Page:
Editor's note: This is the 16th in a series of stories featuring the 25 agencies that will be receiving money from the Finney County United Way in 2014.
By SCOTT AUST
Tiffany Leonard, who has been a teacher at Community Daycare Center for four years, said the best thing about her job is being around the kids.
"It's really fun watching them grow and develop," Leonard said.
Community Daycare Center, 505 College Drive, is a nonprofit organization, governed by a board of directors, that provides childcare and educational experiences to children from 2 weeks old up to 5 years old. They are a licensed daycare and participate in the Kansas Quality Rating and Improvement System. Hours of operation are 6:45 a.m. to 6:15 p.m. Monday through Friday.
They are also one of 25 agencies receiving United Way funding.
On its website, the organization's stated goal is to assist families in developing well-rounded children and preparing children for kindergarten academically and socially. Essential educational skills are introduced using developmentally appropriate childcare curriculum, and social-emotional skills are developed using the 2nd Step Curriculum.
Leonard works with children ages 1 to 2 1/2. A typical day includes play time, working with shapes or the alphabet, and singing songs and reading books.
"Even though they're really little, and they don't quite understand, we get them familiar with those things. They get excited when we bring them out," she said.
Jessica Bird, executive director, said Community Daycare Center receives $25,000 in United Way funding, which assists with providing breakfast, lunch and an afternoon snack each day, though it doesn't cover the entire cost of meals.
"We write the grant for fresh fruits and vegetables, healthier meals," Bird said.
United Way funding is close to 10 percent of the agency's total budget. Bird said the money is needed.
"It is very important. Without it, honestly, we would serve a lot of processed foods, and that's not good for kids," Bird said. "And the quality of the foods we serve wouldn't be as good. For example, if we serve chicken strips, we make the chicken strips. They're homemade, not something we take out of a box and throw in the oven."
Community Daycare participates in the Child and Adult Care Food Program through the U.S. Department of Agriculture. Nutritious, family-style meals are prepared daily to teach and encourage healthy lifestyles.
Bird said United Way's contribution allows the center to bring in fresh fruits and vegetables. She said the goal is to expose children to fresh fruit and vegetables early so maybe they will develop healthy eating choices at an early age.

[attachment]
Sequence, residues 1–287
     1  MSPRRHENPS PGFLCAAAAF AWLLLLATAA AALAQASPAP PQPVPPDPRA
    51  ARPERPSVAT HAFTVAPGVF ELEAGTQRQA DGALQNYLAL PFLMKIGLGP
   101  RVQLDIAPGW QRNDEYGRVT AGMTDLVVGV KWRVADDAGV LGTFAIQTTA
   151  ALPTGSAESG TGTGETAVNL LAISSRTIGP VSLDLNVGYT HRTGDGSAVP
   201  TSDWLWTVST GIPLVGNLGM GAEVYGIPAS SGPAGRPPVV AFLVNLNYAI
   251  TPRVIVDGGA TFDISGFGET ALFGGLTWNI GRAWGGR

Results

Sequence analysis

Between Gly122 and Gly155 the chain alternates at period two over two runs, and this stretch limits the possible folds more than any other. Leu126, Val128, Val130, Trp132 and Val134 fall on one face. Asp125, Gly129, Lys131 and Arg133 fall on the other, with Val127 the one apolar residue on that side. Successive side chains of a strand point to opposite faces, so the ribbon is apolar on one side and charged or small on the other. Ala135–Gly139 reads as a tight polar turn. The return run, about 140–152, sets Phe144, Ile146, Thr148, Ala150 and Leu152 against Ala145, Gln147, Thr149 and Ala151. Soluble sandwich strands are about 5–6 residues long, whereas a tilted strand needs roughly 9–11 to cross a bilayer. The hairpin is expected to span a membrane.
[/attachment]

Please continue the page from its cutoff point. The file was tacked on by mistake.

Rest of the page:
"When you have kids in your care for two of their three major meals per day, it's really important that we make sure they're healthy and getting the vitamins and nutrients they need. Parents are busy, so that third meal may have to be something quick and easy. We try to do as much home cooking as we can," Bird said. "We also do some taste testing. We'll give them something they might not experience in their daily life at home and see how they respond to it. The reward is when they ask for it again."
Leonard said it's obvious the kids enjoy the fresh food.
"I think they love the fresh fruit. Because some will take it, and before we can even get around to everybody, it's already gone. They'll just devour it," she said. "Some are picky about vegetables, but what kids aren't?"
In June, Community Daycare Center added a second site at 2620 N. Eighth St.
Bird said the College Drive location is full, and the Eighth Street center is near capacity already. Community Daycare is licensed for 97 kids at College Drive, and licensed for 64 at Eighth Street. Combined, there are 37 staff for the two sites.
"I think a lot of home daycares have closed. Their regulations got much more strict the past couple of years," Bird said, explaining the increase in demand. "And a lot of home daycares prefer to not take infants because they have to have more staff."
The United Way's annual campaign goal is $560,000, $10,000 more than last year. The 25 partner agencies for the 2014 campaign include:
Miles of Smiles; Real Men, Real Leaders; Russell Child Development Center; Santa Fe Trail Council — Boy Scouts of America; Seeds of Hope Jail Ministry; Southeast Asian Mutual Assistance Association; Building Blocks Project through Russell Child Development Center; Spirit of the Plains — CASA, Inc.; St. Catherine Hospital 's Lactation Program; United Methodist Mexican — American Ministries; The Salvation Army; United Cerebral Palsy of Kansas; Garden City Recreation Commission — Playground Program; Big Brothers Big Sisters of Finney & Kearny Counties; Catholic Social Service; Circles of Hope; Community Day Care Center, Inc.; Family Crisis Services, Inc.; Finney County Retired Senior Volunteer Program; Garden City Area Chapter of the American Red Cross; Garden City Family YMCA; Girl Scouts of Kansas Heartland; Habitat for Humanity; Kansas Children's Service League; Meals on Wheels.